The Jammer

The Jammer by Nova Weetman

Published by University of Queensland Press

“I run my fingers along the ridges, feeling the warmth of the rock. I wish I could pluck it free and take it with me in my box of special things as proof that even when something is gone, an image of it can live on for a really, really long time.” (The Jammer

There is much to love, cherish and agonise over in Nova Weetman’s new novel for middle-grade. The Jammer wraps the pain and anguish of grief into a gripping story that fuses the intensity of roller derby with the hurt and healing of personal introspection, as well as the words and actions of family, friends and others.

Review and author interview

Review of The Jammer by Joy Lawn in Magpies November 2022 (reproduced with permission)

Nova Weetman has created a strong body of work over several years and is now rightly regarded as one of Australia’s best authors for middle-grade and young adults.

The Jammer is memorable for two main reasons: the visceral world set around roller derby and the aching portrayal of grief in a family.

Twelve-year-old Fred’s mother has only recently died from cancer. Mother and daughter’s shared love of roller derby is highlighted and deftly integrated throughout the novel. Fred has inherited her mother’s fearlessness, speed and skill in derby. She is a jammer, a player who looks for gaps in the blockers’ defence to break through and then score. Her mother was one of the best blockers in the country and taught Fred to skate when she was three. Grief stricken, Fred throws her skates and derby kit into the Brisbane River before she and her father head off on a road trip to Melbourne with her mother’s ashes. While their car is repaired, they move in with Fred’s gentle step-uncle Graham who works in an animal shelter and creates special illustrated maps for Fred. Fred faces puberty alone and avoids talking about her grief. As she navigates this traumatic time she is helped by meeting derby people who knew her mother and by making new friends.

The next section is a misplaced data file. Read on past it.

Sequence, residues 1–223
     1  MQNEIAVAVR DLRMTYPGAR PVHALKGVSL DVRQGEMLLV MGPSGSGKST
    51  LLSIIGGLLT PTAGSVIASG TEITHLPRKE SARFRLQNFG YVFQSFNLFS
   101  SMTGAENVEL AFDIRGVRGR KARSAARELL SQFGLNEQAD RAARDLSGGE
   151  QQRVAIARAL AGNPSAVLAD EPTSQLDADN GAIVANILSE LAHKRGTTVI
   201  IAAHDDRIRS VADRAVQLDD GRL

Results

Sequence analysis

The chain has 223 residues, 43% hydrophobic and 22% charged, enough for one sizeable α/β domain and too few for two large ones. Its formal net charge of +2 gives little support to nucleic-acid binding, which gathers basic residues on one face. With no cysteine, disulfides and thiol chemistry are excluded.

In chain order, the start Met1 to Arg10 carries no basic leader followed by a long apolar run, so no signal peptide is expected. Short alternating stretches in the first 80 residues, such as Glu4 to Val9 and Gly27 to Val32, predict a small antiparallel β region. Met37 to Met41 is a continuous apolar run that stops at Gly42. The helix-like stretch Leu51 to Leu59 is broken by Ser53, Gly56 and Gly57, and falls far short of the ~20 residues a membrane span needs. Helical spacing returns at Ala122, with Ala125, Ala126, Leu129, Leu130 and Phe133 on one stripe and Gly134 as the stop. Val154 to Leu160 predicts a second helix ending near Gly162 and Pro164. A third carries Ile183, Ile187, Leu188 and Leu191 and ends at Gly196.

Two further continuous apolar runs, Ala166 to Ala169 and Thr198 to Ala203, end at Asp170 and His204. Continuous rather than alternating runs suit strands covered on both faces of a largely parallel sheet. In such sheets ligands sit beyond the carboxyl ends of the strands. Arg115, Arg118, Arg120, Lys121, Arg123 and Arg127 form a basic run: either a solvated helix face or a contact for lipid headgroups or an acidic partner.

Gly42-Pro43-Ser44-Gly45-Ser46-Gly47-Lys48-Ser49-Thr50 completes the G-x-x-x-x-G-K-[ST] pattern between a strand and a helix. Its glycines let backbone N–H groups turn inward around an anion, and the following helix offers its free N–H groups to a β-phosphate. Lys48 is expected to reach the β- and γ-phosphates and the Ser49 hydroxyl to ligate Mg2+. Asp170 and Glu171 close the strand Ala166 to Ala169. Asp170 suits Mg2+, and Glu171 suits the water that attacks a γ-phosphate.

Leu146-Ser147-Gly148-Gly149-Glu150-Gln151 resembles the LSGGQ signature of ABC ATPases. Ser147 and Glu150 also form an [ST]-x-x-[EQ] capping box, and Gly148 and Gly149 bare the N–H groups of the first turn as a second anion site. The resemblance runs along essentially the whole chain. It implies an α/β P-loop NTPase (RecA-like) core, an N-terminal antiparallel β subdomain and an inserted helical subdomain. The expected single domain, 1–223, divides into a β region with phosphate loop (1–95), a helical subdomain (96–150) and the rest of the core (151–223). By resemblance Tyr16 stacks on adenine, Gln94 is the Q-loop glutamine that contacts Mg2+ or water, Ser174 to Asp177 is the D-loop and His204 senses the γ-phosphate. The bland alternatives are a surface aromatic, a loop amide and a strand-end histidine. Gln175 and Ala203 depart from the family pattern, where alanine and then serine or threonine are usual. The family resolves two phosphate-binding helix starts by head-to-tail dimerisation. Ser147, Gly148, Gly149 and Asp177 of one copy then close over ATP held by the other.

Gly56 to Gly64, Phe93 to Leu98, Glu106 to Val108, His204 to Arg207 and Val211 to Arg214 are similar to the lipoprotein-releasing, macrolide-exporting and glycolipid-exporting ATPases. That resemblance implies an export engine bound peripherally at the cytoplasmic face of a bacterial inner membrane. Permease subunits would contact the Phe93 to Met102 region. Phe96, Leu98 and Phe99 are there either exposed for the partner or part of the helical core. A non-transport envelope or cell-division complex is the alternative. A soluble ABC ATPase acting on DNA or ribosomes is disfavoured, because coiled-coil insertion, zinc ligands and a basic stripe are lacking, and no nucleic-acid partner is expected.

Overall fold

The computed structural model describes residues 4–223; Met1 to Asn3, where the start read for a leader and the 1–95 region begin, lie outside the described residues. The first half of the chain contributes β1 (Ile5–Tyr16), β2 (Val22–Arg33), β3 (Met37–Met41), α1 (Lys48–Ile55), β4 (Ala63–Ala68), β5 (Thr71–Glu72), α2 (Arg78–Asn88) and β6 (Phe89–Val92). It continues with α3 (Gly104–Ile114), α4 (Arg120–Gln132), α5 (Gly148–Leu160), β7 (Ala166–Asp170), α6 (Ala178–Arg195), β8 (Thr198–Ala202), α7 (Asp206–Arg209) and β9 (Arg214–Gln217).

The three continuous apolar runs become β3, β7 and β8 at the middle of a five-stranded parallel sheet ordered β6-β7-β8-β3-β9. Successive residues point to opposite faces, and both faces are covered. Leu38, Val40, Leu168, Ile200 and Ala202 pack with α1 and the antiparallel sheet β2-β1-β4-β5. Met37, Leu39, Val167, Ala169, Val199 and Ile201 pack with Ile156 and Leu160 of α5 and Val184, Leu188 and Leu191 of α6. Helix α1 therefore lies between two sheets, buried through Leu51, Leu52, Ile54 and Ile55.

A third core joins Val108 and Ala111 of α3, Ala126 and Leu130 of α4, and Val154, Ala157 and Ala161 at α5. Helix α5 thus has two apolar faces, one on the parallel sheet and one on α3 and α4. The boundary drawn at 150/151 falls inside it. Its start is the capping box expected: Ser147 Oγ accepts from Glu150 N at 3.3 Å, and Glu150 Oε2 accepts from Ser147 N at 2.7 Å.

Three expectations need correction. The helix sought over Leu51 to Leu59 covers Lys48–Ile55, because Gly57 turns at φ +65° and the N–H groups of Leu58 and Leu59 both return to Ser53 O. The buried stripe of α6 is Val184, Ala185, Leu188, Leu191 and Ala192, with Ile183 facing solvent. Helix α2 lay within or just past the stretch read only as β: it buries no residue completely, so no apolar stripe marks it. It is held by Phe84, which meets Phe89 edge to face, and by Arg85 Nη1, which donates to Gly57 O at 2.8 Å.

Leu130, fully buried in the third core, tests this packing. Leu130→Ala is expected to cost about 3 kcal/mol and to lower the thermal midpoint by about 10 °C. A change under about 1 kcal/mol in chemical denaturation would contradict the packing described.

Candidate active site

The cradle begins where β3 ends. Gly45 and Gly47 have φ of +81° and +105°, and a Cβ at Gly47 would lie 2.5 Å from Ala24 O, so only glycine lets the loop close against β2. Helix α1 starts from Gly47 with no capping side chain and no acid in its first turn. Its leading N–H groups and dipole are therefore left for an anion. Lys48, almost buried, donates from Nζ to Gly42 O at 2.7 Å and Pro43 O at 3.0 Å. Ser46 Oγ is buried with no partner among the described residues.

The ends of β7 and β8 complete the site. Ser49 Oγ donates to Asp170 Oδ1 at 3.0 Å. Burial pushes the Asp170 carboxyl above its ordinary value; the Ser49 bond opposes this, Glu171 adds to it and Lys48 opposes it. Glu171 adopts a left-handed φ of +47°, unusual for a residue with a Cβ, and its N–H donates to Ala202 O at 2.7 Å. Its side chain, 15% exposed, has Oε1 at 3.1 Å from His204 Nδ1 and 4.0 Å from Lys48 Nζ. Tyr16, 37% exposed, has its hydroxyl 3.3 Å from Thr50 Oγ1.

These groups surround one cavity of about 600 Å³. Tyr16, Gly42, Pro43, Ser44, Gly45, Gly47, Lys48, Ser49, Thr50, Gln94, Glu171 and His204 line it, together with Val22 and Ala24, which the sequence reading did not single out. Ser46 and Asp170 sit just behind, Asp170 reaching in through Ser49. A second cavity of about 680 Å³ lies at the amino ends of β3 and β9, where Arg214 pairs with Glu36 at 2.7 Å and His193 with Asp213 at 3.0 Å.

Grief is explored with authentic insight. The author has recently experienced the tragic death of her partner. In the novel she describes the awkward conversations and the numbness of loss, the searing sorrow of seeing a loved one disappear into just bones in clothes, how people grieve differently and the comfort of keeping the loved one alive through memories and stories.

Derby is rough, sweaty and adrenaline fuelled. It is inclusive, drawing players of all body types and those who’ve wandered in looking for something different to the usual sports everyone else plays. The players create their own community and the protective circle they form around an injured teammate during a game is a powerful metaphor for the love and care of family and friends of those who are suffering.